Chicago and 'The Birth of the Pill'

October 20, 2014

Chicago journalist Jonathan Eig got the idea for his new book, "The Birth of the Pill," from a sermon his rabbi gave many years ago.

"He was claiming the (birth-control) pill was a bigger deal than the airplane, than the A-bomb," Eig said of Rabbi Elliot Cosgrove, then of the Anshe Emet Synagogue on Chicago’s North Side. "At first, I thought he was crazy. Then I came to think maybe he was right."

Eig wondered how the history of something so important could be so quickly forgotten, especially in Chicago, the city arguably most responsible for its existence. Almost all of the money for the development of the birth control pill came from Chicago’s McCormick Family.

In 1904, Katharine Dexter McCormick, who grew up in Chicago and was the first woman to graduate from MIT with a degree in science (biology), married Stanley McCormick, the youngest son of Cyrus McCormick.

Cyrus McCormick had in 1834 patented the mechanical reaper, a machine that automatically cut, threshed and bundled grain and established a fortune for his family. But within a few years of their marriage, Stanley, who was in his early 30s and the comptroller for the family’s International Harvester business, was diagnosed with schizophrenia.

"When he died (in 1947 in his 70s), she came into all his money," about $373 million in today’s dollars, although not without a legal fight, Eig said. "And she wanted to spend it on a mission. Her first choice was to fight for reproductive rights. So she immediately got in touch with (activist) Margaret Sanger and asked what’s the best use of this money?"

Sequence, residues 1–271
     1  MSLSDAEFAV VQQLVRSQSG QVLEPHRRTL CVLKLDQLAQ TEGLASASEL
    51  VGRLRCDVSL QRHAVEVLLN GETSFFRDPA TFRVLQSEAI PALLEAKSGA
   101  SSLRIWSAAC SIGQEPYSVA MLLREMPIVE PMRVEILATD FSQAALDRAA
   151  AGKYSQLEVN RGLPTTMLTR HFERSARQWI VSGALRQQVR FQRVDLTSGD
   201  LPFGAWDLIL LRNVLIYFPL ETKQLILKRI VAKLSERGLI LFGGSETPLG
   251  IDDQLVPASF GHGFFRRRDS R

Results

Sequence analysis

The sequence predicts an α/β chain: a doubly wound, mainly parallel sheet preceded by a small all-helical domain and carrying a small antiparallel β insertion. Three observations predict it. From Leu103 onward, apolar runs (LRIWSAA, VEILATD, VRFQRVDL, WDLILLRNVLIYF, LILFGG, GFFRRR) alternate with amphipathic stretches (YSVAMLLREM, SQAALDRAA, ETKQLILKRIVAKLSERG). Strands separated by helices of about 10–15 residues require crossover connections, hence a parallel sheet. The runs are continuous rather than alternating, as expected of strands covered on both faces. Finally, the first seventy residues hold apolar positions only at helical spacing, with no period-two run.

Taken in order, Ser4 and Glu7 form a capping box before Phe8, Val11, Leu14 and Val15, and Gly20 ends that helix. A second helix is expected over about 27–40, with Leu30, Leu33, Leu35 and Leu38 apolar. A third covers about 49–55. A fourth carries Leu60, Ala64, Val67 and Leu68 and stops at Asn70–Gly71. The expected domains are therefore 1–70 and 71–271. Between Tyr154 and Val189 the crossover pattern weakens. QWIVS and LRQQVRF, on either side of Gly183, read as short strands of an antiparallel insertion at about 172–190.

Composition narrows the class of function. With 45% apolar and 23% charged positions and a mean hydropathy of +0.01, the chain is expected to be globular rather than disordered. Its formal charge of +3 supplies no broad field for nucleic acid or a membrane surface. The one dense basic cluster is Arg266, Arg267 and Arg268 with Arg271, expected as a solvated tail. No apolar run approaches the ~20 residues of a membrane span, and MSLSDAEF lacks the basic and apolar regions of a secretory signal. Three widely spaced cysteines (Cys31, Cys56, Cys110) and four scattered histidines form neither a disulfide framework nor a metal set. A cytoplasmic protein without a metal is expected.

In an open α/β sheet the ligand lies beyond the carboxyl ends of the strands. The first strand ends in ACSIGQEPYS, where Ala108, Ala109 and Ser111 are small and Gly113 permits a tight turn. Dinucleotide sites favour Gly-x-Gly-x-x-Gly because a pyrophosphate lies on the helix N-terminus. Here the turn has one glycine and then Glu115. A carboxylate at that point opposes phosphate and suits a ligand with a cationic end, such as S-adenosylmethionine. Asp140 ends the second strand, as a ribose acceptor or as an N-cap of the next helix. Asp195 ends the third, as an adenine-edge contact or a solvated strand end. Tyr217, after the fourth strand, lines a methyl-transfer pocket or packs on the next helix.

Katharine McCormick bought into Sanger’s vision of a pill that could prevent pregnancy and be as easy to ingest as aspirin. Eig said McCormick, meanwhile, knew of scientist Gregory Pincus through his hormone research on schizophrenia and suggested Sanger get in touch with him. McCormick’s contributions to everything from new laboratory buildings for Pincus to travel expenses related to research would reach into the millions.

"She was a one-woman accounting office," Eig said.

By this time, Pincus had been fired from Harvard for experimenting with in vitro fertilization and boasting about it in the press. While trying to get his career back in order, he received a few grants from G.D. Searle & Co., the pharma company then headquartered in Skokie. (It is now part of Pfizer.)

"And he fails miserably" on a big Searle project, Eig said. "Searle is really fed up with him, and he goes to Chicago to try to salvage the relationship. … And he’s telling the director of research that he’s working on this cure for baldness, and he off-handedly, casually mentions that he’s also working on this birth control pill for Margaret Sanger. Searle’s not interested. They’re more interested in the baldness."

Ehh. Men.

Pincus, however, is able to rely on Searle to supply him with the synthetic hormones one of its chemists had created by accident and that Pincus needed to continue his birth control experiments. As Pincus’ work advances, Searle begins to invest in the pill.

"They don’t have to take much risk or build any laboratories," Eig said, "because they have the benefit of Katharine funding a large operation for this."

Pincus conducted his first experiments on the pill in 1951 with FDA approval coming within a decade. McCormick, then near 90, goes into a drugstore with a prescription from her doctor and picks up a bottle to celebrate, Eig said.

The sermon "wasn’t on the pill," clarifies Cosgrove, Eig’s former rabbi, who now ministers at New York’s Park Avenue Synagogue. "It was on the ability of people to redefine the terms of their existence. I think I probably framed it as an example of one of the most transformative pivots of the past century, a flash point that marks our lives with a before and an after."

Eig’s book, "The Birth of the Pill: How Four Crusaders Reinvented Sex and Launched a Revolution," went on sale Monday.



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